Why is the Sun not exactly above its reflection in water?

In this photo, why is the sun not positioned exactly above the "axis" from which its reflection seems to spread?

I think it could be how sunlight refracts across the northern hemisphere but I'm not sure. I took this photo and I would be fascinated if this was a physics problem rather than a problem with my camera.

I used an iphone 5s.

• I dunno but it's kinda weird that the buildings are not perpendicular to the water's surface either imgur.com/a/8Ywdo Commented Aug 6, 2017 at 14:43
• @David Where was the photo taken and what camera and lens did you use? Commented Aug 7, 2017 at 18:57
• @stardt I actually didn't use a camera it was an Iphone 5s and I took it in Hubei, China.
– dTdt
Commented Aug 8, 2017 at 11:04
• Thanks @David. The Iphone 5s has a 4.1 mm focal length lens. Tilting the camera up 7 degrees makes vertical lines lean inward by about 4 degrees at the sides, which matches the photo. I don't have enough reputation to post an answer with the relevant equations. Commented Aug 8, 2017 at 11:41

This is a steal / riff on Asher's correct answer.

If you are using a tablet, tilt it so that the left hand side is closer to your face, now does it look ok, ........on my cheap tablet it does.

No building authority (except Pisa Municipal Council in Italy) would allow this degree of vertical tilt, so obviously the camera does sometimes lie.

This is an example of aberration, caused by distortions of light ray paths inside of the camera lens, particularly with zoom lenses.

This curvilinear aberration can take one of two forms, either like this:

Pincushion distortion:which is what causes the effect in your picture.

Barrel distortion,

Or like this:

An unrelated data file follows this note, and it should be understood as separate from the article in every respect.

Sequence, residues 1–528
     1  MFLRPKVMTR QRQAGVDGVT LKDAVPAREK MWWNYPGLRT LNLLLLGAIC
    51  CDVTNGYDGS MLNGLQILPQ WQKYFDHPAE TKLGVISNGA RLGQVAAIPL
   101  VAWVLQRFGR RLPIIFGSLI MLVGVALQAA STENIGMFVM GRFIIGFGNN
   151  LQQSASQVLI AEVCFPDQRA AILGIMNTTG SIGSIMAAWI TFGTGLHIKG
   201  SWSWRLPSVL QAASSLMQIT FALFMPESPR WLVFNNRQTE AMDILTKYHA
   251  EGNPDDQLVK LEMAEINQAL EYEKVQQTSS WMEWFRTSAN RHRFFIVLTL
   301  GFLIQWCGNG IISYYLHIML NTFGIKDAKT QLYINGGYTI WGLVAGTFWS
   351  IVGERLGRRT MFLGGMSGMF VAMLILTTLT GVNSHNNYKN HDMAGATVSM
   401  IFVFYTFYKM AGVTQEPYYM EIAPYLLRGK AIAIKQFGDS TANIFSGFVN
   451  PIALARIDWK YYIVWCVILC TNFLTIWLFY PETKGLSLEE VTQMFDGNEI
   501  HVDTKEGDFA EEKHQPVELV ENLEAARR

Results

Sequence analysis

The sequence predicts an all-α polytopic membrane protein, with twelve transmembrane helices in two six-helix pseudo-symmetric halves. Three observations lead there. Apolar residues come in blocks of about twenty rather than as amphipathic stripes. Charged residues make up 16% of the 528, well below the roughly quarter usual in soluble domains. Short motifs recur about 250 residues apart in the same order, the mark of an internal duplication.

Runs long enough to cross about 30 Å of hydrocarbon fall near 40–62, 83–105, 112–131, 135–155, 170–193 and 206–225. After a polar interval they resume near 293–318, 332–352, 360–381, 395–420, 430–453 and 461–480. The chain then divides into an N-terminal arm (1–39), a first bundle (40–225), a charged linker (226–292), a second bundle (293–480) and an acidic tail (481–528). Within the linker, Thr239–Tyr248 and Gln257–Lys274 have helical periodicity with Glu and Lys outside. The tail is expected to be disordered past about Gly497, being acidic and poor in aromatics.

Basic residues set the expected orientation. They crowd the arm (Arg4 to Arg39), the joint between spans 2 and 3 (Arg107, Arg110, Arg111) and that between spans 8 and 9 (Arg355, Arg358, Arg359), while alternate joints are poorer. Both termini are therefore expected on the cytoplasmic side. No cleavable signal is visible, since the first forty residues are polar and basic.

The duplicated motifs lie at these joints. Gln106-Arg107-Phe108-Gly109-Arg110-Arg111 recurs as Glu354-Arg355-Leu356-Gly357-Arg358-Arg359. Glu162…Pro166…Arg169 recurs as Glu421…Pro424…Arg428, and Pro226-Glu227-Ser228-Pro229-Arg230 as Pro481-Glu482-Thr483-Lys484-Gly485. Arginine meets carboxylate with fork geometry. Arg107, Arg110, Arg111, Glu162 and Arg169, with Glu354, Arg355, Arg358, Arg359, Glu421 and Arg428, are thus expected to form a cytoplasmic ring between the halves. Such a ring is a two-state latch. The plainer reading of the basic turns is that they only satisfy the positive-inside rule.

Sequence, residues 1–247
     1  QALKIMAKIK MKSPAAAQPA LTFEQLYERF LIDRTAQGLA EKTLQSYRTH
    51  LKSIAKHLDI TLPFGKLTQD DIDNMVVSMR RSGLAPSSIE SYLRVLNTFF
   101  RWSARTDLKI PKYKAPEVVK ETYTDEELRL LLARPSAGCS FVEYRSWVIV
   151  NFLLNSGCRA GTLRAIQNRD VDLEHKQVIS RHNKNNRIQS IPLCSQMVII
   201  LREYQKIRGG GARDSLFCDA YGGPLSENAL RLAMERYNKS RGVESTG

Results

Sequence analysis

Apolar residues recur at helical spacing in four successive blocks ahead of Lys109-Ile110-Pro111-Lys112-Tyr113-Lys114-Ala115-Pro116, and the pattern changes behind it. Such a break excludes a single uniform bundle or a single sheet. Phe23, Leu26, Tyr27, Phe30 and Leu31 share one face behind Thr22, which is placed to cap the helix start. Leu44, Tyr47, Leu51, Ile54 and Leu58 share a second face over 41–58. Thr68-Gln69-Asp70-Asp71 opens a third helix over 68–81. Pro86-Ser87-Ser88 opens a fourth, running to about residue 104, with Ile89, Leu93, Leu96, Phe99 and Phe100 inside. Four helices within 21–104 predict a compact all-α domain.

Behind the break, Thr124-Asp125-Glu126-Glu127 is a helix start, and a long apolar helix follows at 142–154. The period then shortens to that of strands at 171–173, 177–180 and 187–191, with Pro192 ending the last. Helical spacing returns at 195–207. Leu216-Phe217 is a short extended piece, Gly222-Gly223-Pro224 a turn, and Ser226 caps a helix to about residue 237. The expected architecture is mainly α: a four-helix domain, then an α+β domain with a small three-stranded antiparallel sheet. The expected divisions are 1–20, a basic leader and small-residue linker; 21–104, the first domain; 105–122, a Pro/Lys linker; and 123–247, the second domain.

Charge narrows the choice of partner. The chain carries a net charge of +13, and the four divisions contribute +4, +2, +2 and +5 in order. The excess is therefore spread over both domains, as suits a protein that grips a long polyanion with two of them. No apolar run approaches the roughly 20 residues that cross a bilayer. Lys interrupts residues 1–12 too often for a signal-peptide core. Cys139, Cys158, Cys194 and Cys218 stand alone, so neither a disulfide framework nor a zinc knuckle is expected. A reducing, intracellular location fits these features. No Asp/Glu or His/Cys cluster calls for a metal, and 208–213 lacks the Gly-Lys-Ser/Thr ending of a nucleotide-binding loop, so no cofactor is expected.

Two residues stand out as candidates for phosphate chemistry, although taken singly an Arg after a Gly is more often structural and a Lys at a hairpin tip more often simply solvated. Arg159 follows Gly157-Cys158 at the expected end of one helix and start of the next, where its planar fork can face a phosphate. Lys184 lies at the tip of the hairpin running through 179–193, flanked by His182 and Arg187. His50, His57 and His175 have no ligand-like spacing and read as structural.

These pictures are taken from Curvilinear Distortion.

PhotoSE deals with this, but on first reading anyway, not in as much detail as I would have expected.

I agree, if it was due to a previously unknown aspect of physics, that would be great. Sadly, it's more mundane.

EDIT

In case his comment is deleted, please take account of Samuuel Weir's remark in assessing my wording above:

I don't think that it's a matter of lens distortion. As I recall, it's an apparent distortion primarily due to the fact that the plane of the camera's sensor is tilted upward with respect to the horizon. There are so-called "perspective control" lenses which can correct for the distortion. See, for example: kenrockwell.com/nikon/19mm.htm . Also: en.wikipedia.org/wiki/Tilt–shift_photography (Sorry, it doesn't appear that the entire web address was converted into a hyperlink because of the hyphen. Just copy the whole address and paste it into the address line of your browser

And tfb

I agree with @SamuelWeir I think, although I originally thought the barrel-distortion reasoning was really good: it's more likely to be perspective distortion due to the sensor plane being angled upwards. Although the image is missing any useful EXIF data and the person didn't tell us what camera it was taken with, many modern cameras, if they know enough about their lens will, when creating JPEGS, correct for the distortions they know about. So if this was taken with such a camera, it seems unlikely you'd get so much lens-related distortion.

Both of these users have a much better grasp of physics than I do.

END EDIT

• Well, it is a physics problem, just in a different bit of the system...
– user107153
Commented Aug 6, 2017 at 17:13
• I'm not sure that this is an issue of lens distortion. See my comment above.
– user93237
Commented Aug 6, 2017 at 18:34